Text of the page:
4 Ways for Service Professionals to Acquire New Clients
If you run a service-based business, do you ever find yourself scrambling for clients? If so, now's the time to stop. There are easier ways of doing things!
Service providers in certain industries — like travel and leisure, for example — have been hit hard by the pandemic. According to an August 2020 survey by the National Federation of Independent Business, 21% of business owners say they'll permanently shut down if the economy doesn't improve within the next six months.
Regardless of industry, service professionals need to acquire multiple revenue streams to weaken the financial risk, given today's economy. It's also critical to operate with the right mindset about one's work.
Whether you're an employee, consultant or gig worker, see yourself as the owner of your own professional services firm. Because whatever one's work classification (W-2 or 1099), service professionals are absolutely proprietors of their own labor.
Your name, reputation and brand are inseparably tied to service quality and professionalism. As CEO of You, Inc., the following are four quick, yet effective ways to acquire new clients:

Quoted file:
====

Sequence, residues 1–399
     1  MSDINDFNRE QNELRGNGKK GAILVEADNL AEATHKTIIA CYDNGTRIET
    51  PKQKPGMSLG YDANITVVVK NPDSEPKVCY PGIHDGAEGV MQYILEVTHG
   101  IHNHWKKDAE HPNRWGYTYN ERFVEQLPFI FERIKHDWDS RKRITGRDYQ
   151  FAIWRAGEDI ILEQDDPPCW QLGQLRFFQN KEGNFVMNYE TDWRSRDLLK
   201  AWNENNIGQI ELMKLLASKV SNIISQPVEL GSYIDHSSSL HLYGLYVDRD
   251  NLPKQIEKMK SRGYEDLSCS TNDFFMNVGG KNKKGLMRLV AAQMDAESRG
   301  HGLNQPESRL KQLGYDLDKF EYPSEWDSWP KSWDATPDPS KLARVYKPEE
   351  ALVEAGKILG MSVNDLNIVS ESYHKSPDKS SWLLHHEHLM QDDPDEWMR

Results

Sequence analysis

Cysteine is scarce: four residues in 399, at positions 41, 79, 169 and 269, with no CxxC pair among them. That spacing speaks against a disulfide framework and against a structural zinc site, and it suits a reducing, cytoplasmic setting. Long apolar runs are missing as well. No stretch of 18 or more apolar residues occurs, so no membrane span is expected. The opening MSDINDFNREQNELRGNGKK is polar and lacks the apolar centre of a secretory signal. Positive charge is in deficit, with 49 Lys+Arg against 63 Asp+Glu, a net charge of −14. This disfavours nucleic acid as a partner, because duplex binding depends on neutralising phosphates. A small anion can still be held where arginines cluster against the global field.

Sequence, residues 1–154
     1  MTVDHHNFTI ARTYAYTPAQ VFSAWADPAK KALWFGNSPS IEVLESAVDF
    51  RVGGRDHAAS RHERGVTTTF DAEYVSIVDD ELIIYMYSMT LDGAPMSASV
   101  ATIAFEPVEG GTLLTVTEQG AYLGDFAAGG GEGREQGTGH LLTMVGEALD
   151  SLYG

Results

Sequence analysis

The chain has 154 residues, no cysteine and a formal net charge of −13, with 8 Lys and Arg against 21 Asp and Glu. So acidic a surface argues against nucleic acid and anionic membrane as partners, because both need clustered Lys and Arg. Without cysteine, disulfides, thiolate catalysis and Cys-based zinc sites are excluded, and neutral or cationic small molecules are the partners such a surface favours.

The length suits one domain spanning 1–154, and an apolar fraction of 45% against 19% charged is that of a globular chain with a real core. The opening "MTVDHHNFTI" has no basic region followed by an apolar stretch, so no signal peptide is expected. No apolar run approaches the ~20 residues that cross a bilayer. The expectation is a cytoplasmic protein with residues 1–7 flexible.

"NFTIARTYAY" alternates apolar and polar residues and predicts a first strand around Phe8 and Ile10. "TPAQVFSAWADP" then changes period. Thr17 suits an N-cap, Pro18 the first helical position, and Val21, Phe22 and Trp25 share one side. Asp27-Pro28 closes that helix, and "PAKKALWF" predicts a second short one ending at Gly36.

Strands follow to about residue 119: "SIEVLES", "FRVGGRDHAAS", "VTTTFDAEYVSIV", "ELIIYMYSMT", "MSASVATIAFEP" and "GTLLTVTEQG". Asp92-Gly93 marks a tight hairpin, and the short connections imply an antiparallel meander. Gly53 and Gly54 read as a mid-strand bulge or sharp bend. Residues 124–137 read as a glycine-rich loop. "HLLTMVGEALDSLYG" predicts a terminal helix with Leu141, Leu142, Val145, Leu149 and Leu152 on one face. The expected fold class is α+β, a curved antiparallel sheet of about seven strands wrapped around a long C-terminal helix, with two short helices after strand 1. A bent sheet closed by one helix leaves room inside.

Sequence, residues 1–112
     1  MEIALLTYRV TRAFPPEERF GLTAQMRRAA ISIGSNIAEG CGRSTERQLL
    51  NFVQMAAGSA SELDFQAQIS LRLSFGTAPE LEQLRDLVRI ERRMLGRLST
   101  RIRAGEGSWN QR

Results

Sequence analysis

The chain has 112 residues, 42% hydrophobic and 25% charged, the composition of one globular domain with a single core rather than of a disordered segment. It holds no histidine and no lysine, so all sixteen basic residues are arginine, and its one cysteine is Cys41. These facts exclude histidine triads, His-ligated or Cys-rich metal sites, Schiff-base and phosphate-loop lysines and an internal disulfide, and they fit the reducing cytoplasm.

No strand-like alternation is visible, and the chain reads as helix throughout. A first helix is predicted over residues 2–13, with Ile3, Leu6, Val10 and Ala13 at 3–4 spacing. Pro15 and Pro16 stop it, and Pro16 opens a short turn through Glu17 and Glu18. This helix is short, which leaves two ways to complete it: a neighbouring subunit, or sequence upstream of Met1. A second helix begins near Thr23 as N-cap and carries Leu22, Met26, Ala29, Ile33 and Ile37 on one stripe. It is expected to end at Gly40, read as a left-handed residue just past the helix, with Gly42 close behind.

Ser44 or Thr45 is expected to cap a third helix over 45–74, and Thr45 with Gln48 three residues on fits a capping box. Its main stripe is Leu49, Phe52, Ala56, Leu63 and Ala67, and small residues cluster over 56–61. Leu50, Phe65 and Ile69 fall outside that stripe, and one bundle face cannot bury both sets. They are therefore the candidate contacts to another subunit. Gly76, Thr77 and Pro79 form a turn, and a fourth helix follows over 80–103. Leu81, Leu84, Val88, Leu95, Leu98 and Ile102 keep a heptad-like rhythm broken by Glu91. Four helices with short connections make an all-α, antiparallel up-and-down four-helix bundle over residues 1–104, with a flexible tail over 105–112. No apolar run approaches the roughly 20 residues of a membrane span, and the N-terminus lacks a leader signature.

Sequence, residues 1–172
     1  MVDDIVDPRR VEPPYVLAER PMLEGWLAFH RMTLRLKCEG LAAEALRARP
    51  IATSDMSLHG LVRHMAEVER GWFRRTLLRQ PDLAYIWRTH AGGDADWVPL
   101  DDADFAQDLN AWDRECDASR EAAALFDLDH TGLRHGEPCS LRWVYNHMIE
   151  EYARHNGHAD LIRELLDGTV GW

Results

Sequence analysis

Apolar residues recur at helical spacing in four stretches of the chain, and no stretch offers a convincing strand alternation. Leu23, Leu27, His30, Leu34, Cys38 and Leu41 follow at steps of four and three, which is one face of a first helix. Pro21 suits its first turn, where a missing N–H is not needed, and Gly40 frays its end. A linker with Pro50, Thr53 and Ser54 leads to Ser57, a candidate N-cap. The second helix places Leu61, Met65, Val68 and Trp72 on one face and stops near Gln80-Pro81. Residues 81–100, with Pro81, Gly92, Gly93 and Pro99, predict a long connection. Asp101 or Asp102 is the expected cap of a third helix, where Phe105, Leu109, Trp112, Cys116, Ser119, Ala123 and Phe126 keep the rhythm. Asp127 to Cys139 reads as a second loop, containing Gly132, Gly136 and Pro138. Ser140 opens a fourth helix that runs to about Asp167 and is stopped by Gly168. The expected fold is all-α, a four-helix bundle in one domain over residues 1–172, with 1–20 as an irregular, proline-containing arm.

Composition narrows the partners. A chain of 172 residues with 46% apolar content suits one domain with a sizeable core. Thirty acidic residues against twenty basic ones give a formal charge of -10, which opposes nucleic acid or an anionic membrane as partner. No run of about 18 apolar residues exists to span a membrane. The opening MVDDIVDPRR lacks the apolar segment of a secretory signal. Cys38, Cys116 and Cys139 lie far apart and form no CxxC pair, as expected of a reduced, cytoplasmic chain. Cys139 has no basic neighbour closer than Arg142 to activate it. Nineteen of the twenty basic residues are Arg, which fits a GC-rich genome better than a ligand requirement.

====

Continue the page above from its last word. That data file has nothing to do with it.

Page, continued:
1. Connect to a hidden job market
Gig workers, job candidates and other independent professionals who randomly send introduction letters are at a huge disadvantage. Recruiters and hiring managers have little time for them, opting to merely discard the majority of the all-too-popular time-wasters in a digital (or literal) trash can.
A better approach is to tap into undisclosed open projects by instead speaking with social-media contacts, business associates, friends, family members and people who are already in your existing personal and professional circles. Networking is a powerful tool for finding new business opportunities.
The hidden job market is a huge part of the economy. In fact, an August 2020 LinkedIn poll found that 36 percent of recruiters say unposted jobs comprise 51 to 75% of the economy, while 29% say it's between 26 and 50%.
Furthermore, according to career coach Adele Leah, "Advertised jobs only make up 20 to 25% of roles that are actually available. That means 75 to 80% of jobs aren't advertised." Leveraging the hidden job market makes it more likely you'll find a better opportunity that matches your skillset.